Few drops of glacial acetic acid were added to a solution of 0.01 mol of compound 2 (4-amino-3-(4-pyridyl)-5-mercapto-4H-1,2,4-triazole) in dimethylformamide (20 mL) and 0.01 mol of various benzaldehyde derivatives were added and refluxed for nine hours. The reaction mixture was cooled and the precipitate obtained was filtered, dried in a vacuum, and recrystallized from ethanol to give the final compound. The compounds were synthesized as per (scheme 1) [Figure 1].

4-{[(E)-(4-chlorophenyl)methylidene]amino}-5-(pyridin-4-yl)-4H-1,2,4-triazole-3-thiol 3a

Colorless solid, Yield 44%, mp 276 - 278C, R f 0.76, UV lmax (DMF): 245.8 nm. FTIR (KBr) n cm -1 : 3013 (Ar C-H stretching), 2563 (S-H stretching), 1603, 1485 (Ar C=C stretching) 1563 (C=N stretching), 1313 (C-N stretching), 828 (C-Cl stretching), 688 (C-S stretching). 1H NMR (400 MHz DMSO-d 6 d ppm): 6.06 (s, 1H, N=CH), 7.59-8.76 (m, 8H, Ar-H), 12.59 (s, 1H, S-H). Anal. Calcd. for C 14 H 10 ClN 5 S : C, 53.25; H, 3.19; N, 22.18. Found: C, 53.18; H, 3.16; N, 22.12. FABMS (m/z): 315/317 (M + /M + +2).

4-({(E)-[4-(dimethylamino)phenyl]methylidene}amino)-5-(pyridin-4-yl)-4H-1,2,4-triazole-3-thiol 3b

Colorless solid, Yield 31%, mp 224 - 226C, Rf 0.82, UV lmax (DMF): 260.7 nm. FTIR (KBr) n cm-1: 3132 (Ar C-H stretching), 2544 (S-H stretching), 1523 (C=N stretching), 1344 (C-N stretching), 671 cm-1 (C-S stretching). 1H NMR (400 MHz DMSO- d6 d ppm): 3.20 [s, 6H, N(CH3)2], 8.08 (s, 1H, N=CH), 7.59-8.78 (m, 8H, Ar-H), 12.32 (s, 1H, SH). Anal. Calcd. for C16H16N6S : C, 57.67; H, 5.16; N, 26.90. Found: C, 59.24; H, 4.97; N, 25.91. FABMS (m/z): 324/325 (M+/M++1).

4-{[(E)-(3-nitrophenyl)methylidene]amino}-5-(pyridin-4-yl)-4H-1,2,4-triazole-3-thiol 3c

Colorless solid, Yield 66%, mp 288 - 290C, R f 0.79, UV lmax (DMF): 221.9 nm. FTIR (KBr) n cm -1 : 3033 (Ar C-H stretching), 2579 (S-H stretching), 1609, 1585, 1452 (Ar C=C stretching), 1520 (C=N stretching), 1353 (Ar-NO 2 ), 1315 (C-N stretching), 698 cm -1 (C-S stretching). 1H NMR (400 MHz DMSO- d 6 d ppm): 5.58 (s, 1H, N=CH), 7.78-8.71 (m, 8H, Ar-H), 14.02 (s, 1H , S-H). Anal. Calcd. for C 14 H 10 N 6 O 2 S : C, 51.53; H, 3.09; N, 25.75. Found: C, 51.50; H, 3.02; N, 25.68. FABMS (m/z): 325/326 (M + /M + +1).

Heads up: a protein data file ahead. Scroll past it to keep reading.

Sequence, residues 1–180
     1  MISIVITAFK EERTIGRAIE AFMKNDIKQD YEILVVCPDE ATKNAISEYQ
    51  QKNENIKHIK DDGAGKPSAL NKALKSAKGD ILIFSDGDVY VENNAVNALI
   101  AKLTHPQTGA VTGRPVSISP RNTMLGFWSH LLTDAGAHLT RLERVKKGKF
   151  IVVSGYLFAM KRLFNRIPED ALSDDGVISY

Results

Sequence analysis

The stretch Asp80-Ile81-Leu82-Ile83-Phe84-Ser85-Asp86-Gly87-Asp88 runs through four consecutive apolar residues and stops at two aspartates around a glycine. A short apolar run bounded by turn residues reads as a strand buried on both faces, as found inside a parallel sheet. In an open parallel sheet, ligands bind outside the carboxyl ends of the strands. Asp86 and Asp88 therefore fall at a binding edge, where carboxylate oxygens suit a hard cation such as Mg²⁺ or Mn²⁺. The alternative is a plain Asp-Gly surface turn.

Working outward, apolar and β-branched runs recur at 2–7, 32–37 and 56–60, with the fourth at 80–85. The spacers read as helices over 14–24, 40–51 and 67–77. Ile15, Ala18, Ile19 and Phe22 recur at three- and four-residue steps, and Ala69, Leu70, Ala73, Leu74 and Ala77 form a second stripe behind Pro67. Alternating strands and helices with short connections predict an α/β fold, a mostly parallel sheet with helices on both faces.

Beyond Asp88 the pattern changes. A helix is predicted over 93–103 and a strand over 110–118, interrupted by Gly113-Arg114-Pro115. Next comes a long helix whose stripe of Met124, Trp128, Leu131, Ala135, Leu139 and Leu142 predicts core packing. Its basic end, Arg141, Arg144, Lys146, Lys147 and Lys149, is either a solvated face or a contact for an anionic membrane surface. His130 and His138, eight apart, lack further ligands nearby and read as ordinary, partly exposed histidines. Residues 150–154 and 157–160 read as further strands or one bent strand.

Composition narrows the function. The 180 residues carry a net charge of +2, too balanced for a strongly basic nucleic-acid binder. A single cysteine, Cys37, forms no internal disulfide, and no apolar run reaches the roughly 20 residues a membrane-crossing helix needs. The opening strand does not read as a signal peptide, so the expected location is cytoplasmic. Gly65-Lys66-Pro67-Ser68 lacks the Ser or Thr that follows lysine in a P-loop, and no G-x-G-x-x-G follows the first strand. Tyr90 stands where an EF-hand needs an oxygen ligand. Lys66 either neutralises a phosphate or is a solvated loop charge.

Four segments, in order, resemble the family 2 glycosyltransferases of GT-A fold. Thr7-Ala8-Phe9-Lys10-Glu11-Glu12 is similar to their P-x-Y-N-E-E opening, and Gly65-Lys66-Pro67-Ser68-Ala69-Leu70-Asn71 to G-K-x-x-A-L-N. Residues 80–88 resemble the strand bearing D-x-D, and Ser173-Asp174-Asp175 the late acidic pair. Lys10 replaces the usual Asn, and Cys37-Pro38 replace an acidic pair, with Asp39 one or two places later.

3-[(E)-{[3-(pyridin-4-yl)-5-sulfanyl-4H-1,2,4-triazole-4-yl]imino}methyl]phenol 3d

Colorless solid, Yield 62%, mp 282 - 284C, R f 0.66, UV lmax (DMF): 234.6 nm. FTIR (KBr) n cm -1 : 3450 (O-H stretching), 3032 (Ar C-H stretching), 2579 (S-H stretching), 1609, 1585, 1453 (Ar C=C stretching), 1546 (C=N stretching), 1315 (C-N stretching), 699 (C-S stretching). 1H NMR (400 MHz DMSO-d 6 d ppm): 5.64 (s, 1H, N=CH), 7.82 (s, 1H, O-H), 7.86-8.72 (m, 8H, Ar-H), 13.96 (s, 1H, S-H). Anal. Calcd. for C 14 H 11 N 5 SO : C, 56.55; H, 3.73; N, 23.55. Found: C, 56.48; H, 3.64; N, 23.46. FABMS (m/z): 297/298 (M + /M + +1).

4-{[(E)-(3-methoxyphenyl)methylidene]amino}-5-(pyridin-4-yl)-4H-1,2,4-triazole-3-thiol 3e

Colorless solid, Yield 50.8%, mp 272 - 274C, R f 0.72, UV lmax (DMF) 212.4 nm. FTIR (KBr) n cm -1 : 3051 (Ar C-H stretching), 2872 (C-O-CH 3 ), 2621 (S-H stretching), 1606 (Ar C=C stretching), 1541 (C=N stretching), 1377 (C-N stretching), 678 (C-S stretching). 1H NMR (400 MHz DMSO-d 6 d ppm): 3.79 (s, 3H, -O-CH 3 ), 7.67 (s, 1H, N=CH), 7.25-7.80 (m, 8H, Ar-H), 11.02 (s, 1H, SH). Anal. Calcd. for C 15 H 13 N 5 OS: C, 57.86; H, 4.21; N, 22.49. Found: C, 57.74; H, 4.16; N, 22.42. FABMS (m/z): 311/312 (M + /M + +1).

4-{[(E)-(3-chlorophenyl)methylidene]amino}-5-(pyridin-4-yl)-4H-1,2,4-triazole-3-thiol 3f

Colorless solid, Yield 51%, mp 296 - 298C, Rf 0.81, UV lmax (DMF): 240.6 nm. FTIR (KBr) n cm-1: 2975 (Ar C-H stretching), 2648 (S-H stretching), 1664 (Ar C=C), 1523 (C=N stretching), 1365 (C-N stretching), 815 (C-Cl stretching), 682 (C-S stretching). 1H NMR (400 MHz DMSO-d6 d ppm): 5.69 (s, 1H, N=CH), 7.72- 7.90 (m, 4H, Ar-H) 8.01-8.13 (m, 4H, Ar-H), 12.49 (s, 1H, S-H). Anal. Calcd. for C14H10N5SC : C, 53.25; H, 3.19; N, 22.18. Found: C, 53.18; H, 3.10; N, 22.06. FABMS (m/z): 315/317 (M+/M++2).